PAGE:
Ron Howard: You know, look, it all boils down to a story and it always does. And Zemeckis said the smartest thing about five or six years ago is that a digital technology spectacular. He embraces it. He’s on the cutting edge of all of it. But he said now everybody can do everything. So spectacle in and of itself is not going to be commercial and it’s going to all the more put the pressure back on the writers, the actors, the storytellers to try to take people on a journey that’s borne out of character and narrative. What I really like about films, though, is that it’s broadening so much internationally, regionally, in terms of the subject matter that, you know, yes, the big formulaic movies are probably the only thing that the studios feel really safe about investing in. But that doesn’t mean that other movies, other tones aren’t succeeding in their own right and influencing the mainstream in ways that are are meaningful. And I think technology really is the filmmakers friend and is creating a more and more stimulating experience for audiences. But I also have reconciled myself to the fact that it’s not going to always be a big screen experience. You know, you’re going to tell your stories and people are going to find them in the way that’s most convenient, most interesting, most, you know, for them. I’m not a person who believes you should try to force people to not watch the movie on their iPhone. If they want to watch the movie on the iPhone. You know, at least they’re watching your movie and it’s your story. So I’ve reconciled myself to that.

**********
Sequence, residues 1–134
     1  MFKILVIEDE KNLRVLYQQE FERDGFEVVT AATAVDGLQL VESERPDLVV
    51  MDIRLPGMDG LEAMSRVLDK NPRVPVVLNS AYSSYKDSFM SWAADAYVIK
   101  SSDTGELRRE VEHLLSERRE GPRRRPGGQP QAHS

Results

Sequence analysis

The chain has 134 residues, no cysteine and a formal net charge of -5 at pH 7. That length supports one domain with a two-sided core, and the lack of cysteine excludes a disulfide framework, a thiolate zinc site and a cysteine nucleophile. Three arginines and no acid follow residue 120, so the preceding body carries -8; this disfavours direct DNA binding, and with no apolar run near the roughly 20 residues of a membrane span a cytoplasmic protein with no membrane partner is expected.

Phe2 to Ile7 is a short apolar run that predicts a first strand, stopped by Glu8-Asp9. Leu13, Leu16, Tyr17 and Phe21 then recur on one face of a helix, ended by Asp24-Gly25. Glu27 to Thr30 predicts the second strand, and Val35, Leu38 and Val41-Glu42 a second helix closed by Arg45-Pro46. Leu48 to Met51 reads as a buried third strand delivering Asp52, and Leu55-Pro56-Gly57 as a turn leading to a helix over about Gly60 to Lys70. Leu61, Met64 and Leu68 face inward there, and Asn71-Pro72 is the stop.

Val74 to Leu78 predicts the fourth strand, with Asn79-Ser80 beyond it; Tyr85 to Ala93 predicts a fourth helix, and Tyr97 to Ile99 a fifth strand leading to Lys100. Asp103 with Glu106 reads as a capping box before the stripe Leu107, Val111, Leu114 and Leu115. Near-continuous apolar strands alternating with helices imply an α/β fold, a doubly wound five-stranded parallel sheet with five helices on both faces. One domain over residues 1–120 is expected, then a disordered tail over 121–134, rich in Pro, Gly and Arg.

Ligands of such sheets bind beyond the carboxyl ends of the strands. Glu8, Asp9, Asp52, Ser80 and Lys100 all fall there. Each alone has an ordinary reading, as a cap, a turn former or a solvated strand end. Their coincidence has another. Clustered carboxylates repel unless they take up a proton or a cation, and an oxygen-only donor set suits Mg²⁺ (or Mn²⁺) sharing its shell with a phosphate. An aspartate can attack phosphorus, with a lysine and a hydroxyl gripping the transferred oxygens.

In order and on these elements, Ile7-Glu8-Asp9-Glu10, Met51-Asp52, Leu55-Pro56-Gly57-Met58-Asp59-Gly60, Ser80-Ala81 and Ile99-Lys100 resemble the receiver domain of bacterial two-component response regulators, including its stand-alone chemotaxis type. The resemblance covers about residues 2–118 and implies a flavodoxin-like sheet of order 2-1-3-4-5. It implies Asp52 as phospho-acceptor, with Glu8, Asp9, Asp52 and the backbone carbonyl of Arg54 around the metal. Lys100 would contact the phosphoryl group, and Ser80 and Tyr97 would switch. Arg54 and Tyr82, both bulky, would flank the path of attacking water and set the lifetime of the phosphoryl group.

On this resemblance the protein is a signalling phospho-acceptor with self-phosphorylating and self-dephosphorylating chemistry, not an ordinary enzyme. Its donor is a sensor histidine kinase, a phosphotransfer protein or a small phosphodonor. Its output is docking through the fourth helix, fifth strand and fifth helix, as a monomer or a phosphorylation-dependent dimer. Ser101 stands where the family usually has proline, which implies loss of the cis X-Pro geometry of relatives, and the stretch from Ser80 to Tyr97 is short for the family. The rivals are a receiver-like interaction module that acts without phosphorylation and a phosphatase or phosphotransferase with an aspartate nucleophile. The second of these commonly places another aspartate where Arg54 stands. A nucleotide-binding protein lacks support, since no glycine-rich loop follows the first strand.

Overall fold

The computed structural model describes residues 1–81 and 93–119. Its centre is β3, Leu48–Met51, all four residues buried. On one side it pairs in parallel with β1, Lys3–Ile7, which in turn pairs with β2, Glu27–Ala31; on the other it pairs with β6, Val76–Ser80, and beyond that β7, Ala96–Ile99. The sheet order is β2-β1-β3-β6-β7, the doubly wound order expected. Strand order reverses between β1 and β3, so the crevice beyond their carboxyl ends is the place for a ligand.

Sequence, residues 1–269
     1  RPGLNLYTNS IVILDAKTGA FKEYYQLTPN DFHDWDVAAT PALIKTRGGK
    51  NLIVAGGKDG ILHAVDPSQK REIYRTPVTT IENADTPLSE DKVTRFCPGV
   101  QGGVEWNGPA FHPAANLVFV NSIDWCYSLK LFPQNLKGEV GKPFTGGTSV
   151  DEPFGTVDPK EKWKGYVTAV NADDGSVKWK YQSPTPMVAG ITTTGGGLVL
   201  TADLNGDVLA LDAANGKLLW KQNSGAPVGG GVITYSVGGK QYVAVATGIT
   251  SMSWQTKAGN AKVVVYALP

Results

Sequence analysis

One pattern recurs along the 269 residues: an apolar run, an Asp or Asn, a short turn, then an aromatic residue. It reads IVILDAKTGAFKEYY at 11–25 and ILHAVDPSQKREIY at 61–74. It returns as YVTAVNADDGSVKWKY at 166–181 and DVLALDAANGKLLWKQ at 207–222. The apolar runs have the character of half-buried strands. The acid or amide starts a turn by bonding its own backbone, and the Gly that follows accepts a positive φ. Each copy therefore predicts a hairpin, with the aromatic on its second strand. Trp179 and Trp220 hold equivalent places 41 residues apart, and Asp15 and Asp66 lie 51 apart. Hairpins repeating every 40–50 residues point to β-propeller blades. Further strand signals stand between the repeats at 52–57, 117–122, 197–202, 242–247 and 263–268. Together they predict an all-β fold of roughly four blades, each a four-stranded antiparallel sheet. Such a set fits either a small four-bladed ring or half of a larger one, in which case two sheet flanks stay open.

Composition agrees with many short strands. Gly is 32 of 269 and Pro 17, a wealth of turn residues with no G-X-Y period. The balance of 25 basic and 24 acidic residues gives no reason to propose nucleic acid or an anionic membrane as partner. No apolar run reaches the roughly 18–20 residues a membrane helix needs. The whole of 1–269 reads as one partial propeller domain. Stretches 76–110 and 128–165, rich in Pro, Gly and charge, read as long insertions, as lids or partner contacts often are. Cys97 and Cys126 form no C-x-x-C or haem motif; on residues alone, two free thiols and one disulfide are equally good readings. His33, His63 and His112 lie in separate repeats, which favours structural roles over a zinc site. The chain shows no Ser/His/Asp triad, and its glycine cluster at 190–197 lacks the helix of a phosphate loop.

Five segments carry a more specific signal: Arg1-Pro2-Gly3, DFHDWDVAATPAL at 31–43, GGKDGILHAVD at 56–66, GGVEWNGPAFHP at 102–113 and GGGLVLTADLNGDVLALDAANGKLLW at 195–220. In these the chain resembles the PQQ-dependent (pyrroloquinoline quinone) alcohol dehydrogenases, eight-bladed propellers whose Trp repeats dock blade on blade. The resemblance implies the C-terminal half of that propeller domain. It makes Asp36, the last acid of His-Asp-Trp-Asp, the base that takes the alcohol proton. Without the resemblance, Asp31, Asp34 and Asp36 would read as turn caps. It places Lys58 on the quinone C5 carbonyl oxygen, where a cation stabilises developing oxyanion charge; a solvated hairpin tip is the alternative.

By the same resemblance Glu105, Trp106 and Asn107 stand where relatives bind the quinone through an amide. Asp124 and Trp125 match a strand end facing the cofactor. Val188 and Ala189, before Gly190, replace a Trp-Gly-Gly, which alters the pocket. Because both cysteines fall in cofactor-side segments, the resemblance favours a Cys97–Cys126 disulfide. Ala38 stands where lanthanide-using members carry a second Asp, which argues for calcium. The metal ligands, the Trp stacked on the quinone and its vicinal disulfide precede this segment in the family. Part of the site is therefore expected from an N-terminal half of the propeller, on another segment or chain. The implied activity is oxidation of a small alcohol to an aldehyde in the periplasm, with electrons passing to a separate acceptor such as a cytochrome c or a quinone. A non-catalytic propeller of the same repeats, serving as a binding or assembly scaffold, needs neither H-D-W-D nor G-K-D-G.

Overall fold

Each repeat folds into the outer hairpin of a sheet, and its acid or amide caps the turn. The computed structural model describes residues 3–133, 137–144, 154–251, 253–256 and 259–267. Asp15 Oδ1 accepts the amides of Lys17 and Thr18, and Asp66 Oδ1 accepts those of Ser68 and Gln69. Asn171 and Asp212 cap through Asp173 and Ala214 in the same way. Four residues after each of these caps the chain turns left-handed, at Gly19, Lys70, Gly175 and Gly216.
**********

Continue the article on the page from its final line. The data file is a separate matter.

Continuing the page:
Eric Conner: After two Emmys, two Oscars, 60 years in the biz, and enough credits to fill up most of Hulu. What advice does Ron Howard give to achieve a career with longevity?